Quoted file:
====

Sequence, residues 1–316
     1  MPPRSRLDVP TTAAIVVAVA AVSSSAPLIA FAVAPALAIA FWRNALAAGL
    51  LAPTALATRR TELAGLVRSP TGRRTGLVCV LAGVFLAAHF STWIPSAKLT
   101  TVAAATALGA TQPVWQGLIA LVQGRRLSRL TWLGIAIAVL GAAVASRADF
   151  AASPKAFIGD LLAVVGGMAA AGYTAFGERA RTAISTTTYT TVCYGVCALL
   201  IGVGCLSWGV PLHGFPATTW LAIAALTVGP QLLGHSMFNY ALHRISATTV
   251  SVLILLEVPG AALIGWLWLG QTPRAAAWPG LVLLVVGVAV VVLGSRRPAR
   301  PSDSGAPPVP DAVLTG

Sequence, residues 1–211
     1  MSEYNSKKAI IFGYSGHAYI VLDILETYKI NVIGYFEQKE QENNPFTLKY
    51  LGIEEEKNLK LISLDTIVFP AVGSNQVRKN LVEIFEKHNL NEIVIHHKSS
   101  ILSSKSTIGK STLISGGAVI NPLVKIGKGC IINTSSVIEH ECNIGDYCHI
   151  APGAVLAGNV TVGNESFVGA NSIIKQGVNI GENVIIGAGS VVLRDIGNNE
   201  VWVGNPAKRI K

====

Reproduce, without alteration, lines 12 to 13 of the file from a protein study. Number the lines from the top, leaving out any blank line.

   101  ILSSKSTIGK STLISGGAVI NPLVKIGKGC IINTSSVIEH ECNIGDYCHI
   151  APGAVLAGNV TVGNESFVGA NSIIKQGVNI GENVIIGAGS VVLRDIGNNE